As a child, growing up in the ’70s and still feeling the nearness of the civil rights movement of the ’60s, I believed that as time progressed America would become more and more open as a society and less prejudiced against people who are different from ourselves.
But, in his new book, Race-Baiter, media critic Eric Deggans calls into question my assumption that in America intolerance and narrow-mindedness are on a slow, but constant decline.
Instead, in an interview with Neal Conan on NPR’s Talk of the Nation, he suggests that modern media outlets, including 24-hour news programs, reality TV and even scripted television exploit prejudice and bias to build audience and sell advertising.
Part of the problem stems from our inexperience in talking about race, says Linda Tropp, who studies perceptions of racial differences. She contends that race is a taboo topic in our society. As a result, we lack sophistication when we broach the topic and conversations about race provoke more anxiety than necessary.
The media only widens the divide. Unlike in the past, when there were a few television stations that had to appeal to a wide swath of Americans, we now have hundreds of media outlets, each motivated to appeal to a certain societal niche.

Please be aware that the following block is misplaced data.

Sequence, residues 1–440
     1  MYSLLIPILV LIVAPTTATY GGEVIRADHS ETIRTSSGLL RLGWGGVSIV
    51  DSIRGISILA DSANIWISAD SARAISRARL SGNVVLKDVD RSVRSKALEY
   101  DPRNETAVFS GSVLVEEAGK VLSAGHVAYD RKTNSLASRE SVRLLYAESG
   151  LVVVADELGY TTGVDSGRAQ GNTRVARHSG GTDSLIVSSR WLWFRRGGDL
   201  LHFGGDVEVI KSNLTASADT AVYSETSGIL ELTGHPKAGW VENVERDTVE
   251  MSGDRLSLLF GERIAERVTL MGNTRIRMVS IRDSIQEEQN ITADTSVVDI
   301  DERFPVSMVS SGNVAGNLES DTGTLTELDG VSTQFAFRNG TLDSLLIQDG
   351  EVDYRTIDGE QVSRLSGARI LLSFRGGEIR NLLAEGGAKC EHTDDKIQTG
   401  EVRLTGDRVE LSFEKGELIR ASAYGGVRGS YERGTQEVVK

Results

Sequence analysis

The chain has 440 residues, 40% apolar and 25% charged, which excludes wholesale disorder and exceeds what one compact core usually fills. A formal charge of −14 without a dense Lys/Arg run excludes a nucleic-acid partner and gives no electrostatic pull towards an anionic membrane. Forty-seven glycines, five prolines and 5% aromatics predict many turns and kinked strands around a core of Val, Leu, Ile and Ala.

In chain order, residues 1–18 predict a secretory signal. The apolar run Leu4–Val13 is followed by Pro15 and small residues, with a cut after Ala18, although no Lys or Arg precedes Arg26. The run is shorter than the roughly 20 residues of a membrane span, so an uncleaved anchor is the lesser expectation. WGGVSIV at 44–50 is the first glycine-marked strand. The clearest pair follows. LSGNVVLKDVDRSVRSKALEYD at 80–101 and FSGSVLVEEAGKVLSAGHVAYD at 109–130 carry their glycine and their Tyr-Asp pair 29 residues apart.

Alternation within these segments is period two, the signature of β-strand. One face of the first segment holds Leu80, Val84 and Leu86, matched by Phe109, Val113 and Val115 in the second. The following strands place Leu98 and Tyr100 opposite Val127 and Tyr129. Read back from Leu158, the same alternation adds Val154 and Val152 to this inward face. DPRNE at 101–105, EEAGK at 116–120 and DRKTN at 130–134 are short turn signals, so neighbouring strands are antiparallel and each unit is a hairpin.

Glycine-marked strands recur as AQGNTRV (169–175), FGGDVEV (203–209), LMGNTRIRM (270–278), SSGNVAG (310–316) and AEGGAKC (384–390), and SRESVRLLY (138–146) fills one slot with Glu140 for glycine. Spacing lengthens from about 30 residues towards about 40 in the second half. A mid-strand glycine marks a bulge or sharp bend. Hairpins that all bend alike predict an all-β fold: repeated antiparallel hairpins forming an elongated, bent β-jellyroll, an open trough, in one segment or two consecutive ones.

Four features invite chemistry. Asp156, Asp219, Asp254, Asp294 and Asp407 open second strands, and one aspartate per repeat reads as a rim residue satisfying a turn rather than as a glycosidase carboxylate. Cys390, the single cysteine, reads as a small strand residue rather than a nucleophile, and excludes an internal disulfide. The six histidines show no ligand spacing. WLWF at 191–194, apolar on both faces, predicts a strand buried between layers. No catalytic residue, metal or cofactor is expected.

Deggans suggests that television stations and other media outlets are motivated to appeal to only a certain segment of the population — the segment that is most interested in what they are presenting. To gain and keep an audience, the media draws people in and encourages them to reject their competitors. Intolerance of other viewpoints, stereotypes and bias are commonly used to achieve this goal.
We’d all like to think that we are savvier consumers than that. And ultimately, the solution to these divisions might be that we increase our awareness of the biases surrounding us.
At the same time, it’s essential to understand that no matter who you are, if you are exposed to situations that don’t accurately reflect reality, you become biased in your views. For example, if you watch the national news and see several stories in which African-Americans commit crimes against Caucasian women, you may develop a faulty belief that all African-Americans are dangerous to women. If you repeatedly hear opinion represented as fact, you will begin to believe those attitudes, often even in the face of contradictory facts.
We don’t become biased because we are weak. It is simply how our brains are wired to work.
Deggans suggests that we need to restart the conversation about our differences in a nonthreatening way that might achieve something. He recommends setting boundaries before beginning these types of conversations. For example, one boundary might be not to engage in attacks.
Talking about race and culture is vital to understanding each other, says Deggans. Everyone must feel they can be a part of the conversation, but the conversation must be conducted with sensitivity and openness.